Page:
To just be in the moment and be present to what one is doing takes us beyond the need to win and not lose. In the last line of this poem, Chuang Tzu reminds us that the need to win or not to lose drains the archer of his power.
Several years ago, we visited our son and his family. At the time, our grandson was about 5 months old. We went for dinner our last evening and, after I finished eating, I took him. I was in front of a mirrored wall. When he noticed there was a little boy in the mirror, our grandson played with that little boy for about 5-10 minutes, until he became tired. He had no other goal than to play and just be in that moment.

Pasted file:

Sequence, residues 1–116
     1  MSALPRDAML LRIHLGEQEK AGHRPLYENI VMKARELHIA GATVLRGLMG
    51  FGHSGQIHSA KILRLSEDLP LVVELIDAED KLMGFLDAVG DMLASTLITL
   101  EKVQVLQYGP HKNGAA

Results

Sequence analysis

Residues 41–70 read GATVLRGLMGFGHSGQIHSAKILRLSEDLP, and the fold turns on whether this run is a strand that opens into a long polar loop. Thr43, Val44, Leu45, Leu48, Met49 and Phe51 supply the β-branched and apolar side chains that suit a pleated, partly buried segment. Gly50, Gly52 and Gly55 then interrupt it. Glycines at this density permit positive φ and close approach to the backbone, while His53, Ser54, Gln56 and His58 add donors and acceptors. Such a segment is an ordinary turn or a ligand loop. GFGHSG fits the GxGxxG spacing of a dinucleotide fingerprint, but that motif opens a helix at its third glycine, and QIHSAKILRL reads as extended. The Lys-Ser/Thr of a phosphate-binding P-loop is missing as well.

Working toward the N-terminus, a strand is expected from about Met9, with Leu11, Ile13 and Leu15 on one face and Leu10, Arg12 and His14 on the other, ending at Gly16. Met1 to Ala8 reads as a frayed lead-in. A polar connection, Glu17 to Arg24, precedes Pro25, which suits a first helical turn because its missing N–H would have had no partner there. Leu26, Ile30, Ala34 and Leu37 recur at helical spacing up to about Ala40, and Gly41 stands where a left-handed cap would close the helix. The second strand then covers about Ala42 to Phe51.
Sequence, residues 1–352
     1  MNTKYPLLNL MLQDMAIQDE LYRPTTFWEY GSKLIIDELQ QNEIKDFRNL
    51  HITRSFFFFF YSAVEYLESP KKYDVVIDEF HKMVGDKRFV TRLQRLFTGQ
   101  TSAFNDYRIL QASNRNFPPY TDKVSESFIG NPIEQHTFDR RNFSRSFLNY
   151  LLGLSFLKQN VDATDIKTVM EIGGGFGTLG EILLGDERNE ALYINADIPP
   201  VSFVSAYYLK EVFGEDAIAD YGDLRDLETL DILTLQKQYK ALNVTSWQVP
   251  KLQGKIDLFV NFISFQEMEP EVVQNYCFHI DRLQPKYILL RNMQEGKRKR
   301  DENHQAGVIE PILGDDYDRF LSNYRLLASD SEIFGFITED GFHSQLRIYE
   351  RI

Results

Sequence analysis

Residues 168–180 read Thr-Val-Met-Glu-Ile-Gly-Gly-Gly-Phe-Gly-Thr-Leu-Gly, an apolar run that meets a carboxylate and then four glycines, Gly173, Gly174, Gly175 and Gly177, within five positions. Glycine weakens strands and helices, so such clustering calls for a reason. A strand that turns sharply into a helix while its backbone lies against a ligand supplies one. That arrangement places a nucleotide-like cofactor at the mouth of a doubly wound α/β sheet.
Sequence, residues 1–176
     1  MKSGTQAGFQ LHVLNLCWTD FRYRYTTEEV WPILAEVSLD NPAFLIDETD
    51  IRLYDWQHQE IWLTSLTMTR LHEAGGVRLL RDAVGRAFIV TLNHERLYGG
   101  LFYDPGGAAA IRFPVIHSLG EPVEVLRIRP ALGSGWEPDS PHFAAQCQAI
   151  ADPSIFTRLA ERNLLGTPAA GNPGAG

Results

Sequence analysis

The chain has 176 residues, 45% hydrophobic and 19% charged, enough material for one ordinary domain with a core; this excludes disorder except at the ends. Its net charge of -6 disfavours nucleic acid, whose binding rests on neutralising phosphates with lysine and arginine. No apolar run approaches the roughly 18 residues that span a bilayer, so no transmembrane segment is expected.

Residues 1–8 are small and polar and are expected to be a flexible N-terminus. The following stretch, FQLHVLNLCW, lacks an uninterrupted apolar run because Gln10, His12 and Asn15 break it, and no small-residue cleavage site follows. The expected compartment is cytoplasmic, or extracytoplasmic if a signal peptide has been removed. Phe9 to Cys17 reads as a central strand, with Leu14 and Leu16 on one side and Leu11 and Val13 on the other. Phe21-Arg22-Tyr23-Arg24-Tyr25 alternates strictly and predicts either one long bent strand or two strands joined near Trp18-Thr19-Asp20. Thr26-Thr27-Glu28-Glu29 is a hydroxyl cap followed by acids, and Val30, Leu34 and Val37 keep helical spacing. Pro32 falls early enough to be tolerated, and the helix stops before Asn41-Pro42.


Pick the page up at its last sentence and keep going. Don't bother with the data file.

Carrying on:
We lose that childlike way and those purely phenomenological moments of just being in the world. Remembering is being mindful and calling something to mind. When we do so, Parker Palmer wrote that to re-member is to make and keep one’s self whole.
When an archer is shooting for fun
He has all his skill.
If he shoots for a brass buckle
He is already nervous.
If he shoots for a prize of gold
He goes blind
Or sees two targets –
He is out of his mind.
His skill has not changed,
But the prize divides him.
He thinks more of winning
Than of shooting –
And the need to win
Drains him of power.